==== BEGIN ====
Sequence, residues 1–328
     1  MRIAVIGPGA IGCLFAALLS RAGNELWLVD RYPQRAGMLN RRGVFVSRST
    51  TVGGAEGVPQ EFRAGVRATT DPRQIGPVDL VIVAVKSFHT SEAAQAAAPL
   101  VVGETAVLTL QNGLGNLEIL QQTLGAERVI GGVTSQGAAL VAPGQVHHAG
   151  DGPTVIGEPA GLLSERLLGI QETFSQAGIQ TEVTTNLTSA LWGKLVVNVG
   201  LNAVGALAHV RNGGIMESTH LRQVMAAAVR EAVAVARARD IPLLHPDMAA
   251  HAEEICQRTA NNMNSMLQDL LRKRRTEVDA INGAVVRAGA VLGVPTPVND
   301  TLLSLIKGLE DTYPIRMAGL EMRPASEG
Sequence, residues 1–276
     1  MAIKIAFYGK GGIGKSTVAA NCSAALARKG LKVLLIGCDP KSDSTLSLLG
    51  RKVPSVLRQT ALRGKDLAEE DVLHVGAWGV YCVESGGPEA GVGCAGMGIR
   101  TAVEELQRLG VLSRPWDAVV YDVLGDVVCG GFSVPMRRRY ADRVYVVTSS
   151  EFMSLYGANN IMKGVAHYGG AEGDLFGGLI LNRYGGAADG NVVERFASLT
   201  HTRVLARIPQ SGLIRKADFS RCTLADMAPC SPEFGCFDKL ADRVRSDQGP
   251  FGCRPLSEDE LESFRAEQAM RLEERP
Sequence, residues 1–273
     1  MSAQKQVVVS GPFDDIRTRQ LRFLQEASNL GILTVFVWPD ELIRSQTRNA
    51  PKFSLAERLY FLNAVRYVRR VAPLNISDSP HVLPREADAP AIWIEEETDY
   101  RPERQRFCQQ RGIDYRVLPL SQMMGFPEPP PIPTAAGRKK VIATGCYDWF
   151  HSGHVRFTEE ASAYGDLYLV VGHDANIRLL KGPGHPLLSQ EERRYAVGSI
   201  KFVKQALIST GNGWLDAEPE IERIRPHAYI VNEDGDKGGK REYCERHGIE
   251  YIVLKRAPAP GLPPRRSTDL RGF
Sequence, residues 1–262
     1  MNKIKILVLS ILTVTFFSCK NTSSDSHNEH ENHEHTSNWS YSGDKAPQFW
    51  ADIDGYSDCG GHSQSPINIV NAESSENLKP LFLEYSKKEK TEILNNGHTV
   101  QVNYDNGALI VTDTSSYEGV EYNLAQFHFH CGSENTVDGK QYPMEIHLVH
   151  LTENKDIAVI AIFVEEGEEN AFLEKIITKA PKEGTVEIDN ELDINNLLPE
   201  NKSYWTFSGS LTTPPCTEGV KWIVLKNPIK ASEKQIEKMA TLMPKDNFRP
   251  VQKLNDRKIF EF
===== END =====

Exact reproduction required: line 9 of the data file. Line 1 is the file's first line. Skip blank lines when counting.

Sequence, residues 1–276